Opinion: Power of parents as real partners


It is an election year, and we will hear a lot about "doing right by our families."

One of the best ways we can do right by families well beyond Election Day is to honor their lived experience by valuing their expertise. That message was at the heart of our Parent Power panel at the 2022 Aspen Ideas Festival. Leaders in communities from across the country recognize this powerful truth: We can all benefit by engaging parents as partners as we design programs meant to keep children and families on a path to prosperity.

Parental involvement in decision-making is the key to having policies and programs that support families' strengths and needs.

For the past 10 years, Ascend at the Aspen Institute has worked with leaders in all 50 states and D.C. and Puerto Rico - to move the idea of centering parent voices and lived expertise from the exception to the rule.

The next step is for policymakers intent on supporting children and families to embrace these three core ideas:

Honor parental expertise

Ascend creates a public platform for parent leaders like Tameka Henry, Rynn Sango and Amber Angel to share their stories and insights and showcase their power. People in the audience who listened to them had a light bulb moment about the power of parent voice. Organizations started inviting parents to speak - and now these parents are recognized as the leaders they are - providing an important voice and perspective and realizing their leadership potential that just needed the right platform to be seen and valued.

Amber Angel embodies this concept put into action. She first engaged at Ascend while she was a single mother of two and studying at Los Angeles Valley College's Family Resource Center, where she later worked. Her initial public speaking opportunity was at the first federal Two-Generation (2Gen) Approaches Conference in May 2016, which Ascend convened in partnership with the U.S. Department of Education, the White House and seven cabinet agencies. She is now a nationally recognized student parent leader, innovator and adjunct professor. Recently, she became a program officer at the ECMC Foundation, leading a portfolio focused on postsecondary success for single mother learners.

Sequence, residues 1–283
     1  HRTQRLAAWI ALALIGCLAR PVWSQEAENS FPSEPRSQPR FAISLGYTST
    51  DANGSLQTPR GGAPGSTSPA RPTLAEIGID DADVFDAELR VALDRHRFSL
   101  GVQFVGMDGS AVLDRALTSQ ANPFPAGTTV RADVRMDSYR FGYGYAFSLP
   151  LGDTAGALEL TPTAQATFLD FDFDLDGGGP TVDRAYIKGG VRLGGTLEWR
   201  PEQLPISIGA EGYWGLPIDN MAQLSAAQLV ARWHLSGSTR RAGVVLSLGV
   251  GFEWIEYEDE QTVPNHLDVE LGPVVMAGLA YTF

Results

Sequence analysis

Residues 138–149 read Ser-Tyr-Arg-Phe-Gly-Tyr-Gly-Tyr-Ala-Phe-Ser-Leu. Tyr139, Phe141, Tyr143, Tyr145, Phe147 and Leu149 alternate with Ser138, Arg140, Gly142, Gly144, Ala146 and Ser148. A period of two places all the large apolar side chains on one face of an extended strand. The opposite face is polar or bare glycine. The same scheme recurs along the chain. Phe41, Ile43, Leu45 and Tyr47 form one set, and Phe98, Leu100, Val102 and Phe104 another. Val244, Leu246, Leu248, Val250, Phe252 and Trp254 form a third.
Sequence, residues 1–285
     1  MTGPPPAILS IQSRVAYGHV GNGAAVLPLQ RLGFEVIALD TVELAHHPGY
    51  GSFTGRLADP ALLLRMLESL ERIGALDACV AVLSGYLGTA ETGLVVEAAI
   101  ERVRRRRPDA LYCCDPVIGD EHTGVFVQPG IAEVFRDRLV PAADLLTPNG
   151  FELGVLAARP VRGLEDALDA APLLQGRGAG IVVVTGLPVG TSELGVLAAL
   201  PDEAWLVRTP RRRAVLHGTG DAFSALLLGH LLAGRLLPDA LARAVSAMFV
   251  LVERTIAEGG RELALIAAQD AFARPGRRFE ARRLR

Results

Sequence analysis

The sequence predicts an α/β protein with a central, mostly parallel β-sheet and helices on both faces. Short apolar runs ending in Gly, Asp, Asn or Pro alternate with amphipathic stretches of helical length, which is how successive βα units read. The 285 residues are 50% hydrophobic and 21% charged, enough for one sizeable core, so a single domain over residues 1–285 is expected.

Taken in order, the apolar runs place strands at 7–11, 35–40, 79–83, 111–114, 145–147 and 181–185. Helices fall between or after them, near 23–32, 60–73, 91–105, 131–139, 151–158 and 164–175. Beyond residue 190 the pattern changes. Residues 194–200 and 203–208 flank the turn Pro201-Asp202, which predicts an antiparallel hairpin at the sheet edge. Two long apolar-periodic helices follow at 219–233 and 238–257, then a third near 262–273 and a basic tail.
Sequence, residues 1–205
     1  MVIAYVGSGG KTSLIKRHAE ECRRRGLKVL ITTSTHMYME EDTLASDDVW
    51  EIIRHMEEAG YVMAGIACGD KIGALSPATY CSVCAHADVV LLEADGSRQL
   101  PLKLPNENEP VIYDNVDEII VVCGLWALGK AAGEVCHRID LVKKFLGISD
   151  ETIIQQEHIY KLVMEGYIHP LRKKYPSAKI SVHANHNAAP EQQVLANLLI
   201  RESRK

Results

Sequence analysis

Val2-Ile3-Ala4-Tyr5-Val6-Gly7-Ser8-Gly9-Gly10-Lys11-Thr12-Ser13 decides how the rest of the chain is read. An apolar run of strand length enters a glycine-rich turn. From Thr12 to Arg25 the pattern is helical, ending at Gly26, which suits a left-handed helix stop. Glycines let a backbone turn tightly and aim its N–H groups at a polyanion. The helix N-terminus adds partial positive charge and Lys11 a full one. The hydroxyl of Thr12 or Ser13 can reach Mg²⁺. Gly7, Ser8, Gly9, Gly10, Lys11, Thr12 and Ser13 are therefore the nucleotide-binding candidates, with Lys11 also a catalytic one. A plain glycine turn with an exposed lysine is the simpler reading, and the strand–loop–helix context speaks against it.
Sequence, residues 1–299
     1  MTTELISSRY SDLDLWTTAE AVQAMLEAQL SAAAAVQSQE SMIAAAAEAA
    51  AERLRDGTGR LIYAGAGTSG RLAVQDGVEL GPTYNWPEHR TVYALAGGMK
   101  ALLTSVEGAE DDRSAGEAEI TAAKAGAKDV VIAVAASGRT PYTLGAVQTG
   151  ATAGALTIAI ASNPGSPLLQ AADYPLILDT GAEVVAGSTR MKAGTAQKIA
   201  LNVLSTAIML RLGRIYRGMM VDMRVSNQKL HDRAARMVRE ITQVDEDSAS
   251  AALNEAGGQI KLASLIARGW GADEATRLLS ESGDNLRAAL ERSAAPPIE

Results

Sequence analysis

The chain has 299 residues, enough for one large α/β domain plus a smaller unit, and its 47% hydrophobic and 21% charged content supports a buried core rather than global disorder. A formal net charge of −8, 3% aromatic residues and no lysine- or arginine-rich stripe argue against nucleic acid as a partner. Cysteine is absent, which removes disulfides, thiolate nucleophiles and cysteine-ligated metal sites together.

Parent participation is essential - not an afterthought

Aisha Nyandoro, chief executive officer of Springboard to Opportunities and 2018 Aspen Institute Ascend Fellow, looked to parents for insights on their experiences and applied their expertise to transform policies and practices. She launched the groundbreaking Magnolia Mother's Trust guaranteed income program. "Our families told us - a myriad of stories. But every story that we heard could be addressed with cash. I pulled together a roundtable of moms. And I just said, OK. Just help me dream about what this could potentially be."

With parents as partners, we get better results and stronger leaders

At Magnolia Mother's Trust, designing the program with single mothers, not for them, generated immediate results that will pay off for generations. For Cajania Brown, mother and Magnolia Mother's Trust recipient, the money helped her pay off debt, raise her credit score and move into a larger apartment to fit her growing family. Her economic progress will make life more stable for her children, increasing their educational success.

Parents with lived experience become even stronger leaders. They take this depth of expertise with them, and it manifests in their work. Daria Willis, president of Howard Community College and 2021 Ascend Fellow, embodies this. She grew up in a single-parent household and was a single mom herself while she worked to complete her college education. She didn't forget the struggle of learning while parenting. As a community college leader, she has recognized and served previously sidelined students like those who are juggling caregiving with college classes.

By modernizing higher education through practices like adjusting class schedules to fit the life of a parent, Dr. Willis was able to ensure that student parents were seen and able to succeed on campus.

We know what parents want, need and deserve. Investing in and supporting their health and economic well-being provides concrete benefits for two generations as well as communities and our economy. Elected leaders don't need an election in November to do the right and smart thing. They can start by taking bold actions to improve our nation's early care and learning system. They can pass paid family and medical leave.

There is an essential ingredient that gives us a real shot of ending the cycle of poverty forever: parents. As Steelcase Foundation CEO and 2021 Ascend Fellow Daniel Williams said during our Parent Power panel at the Aspen Ideas Festival, "People don't need us to empower them, they need us to get out of the way and let them lead."

Anne Mosle serves as a vice president of the Aspen Institute, executive director of Ascend at the Aspen Institute and as co-chair of the Aspen Institute Forum on Women and Girls.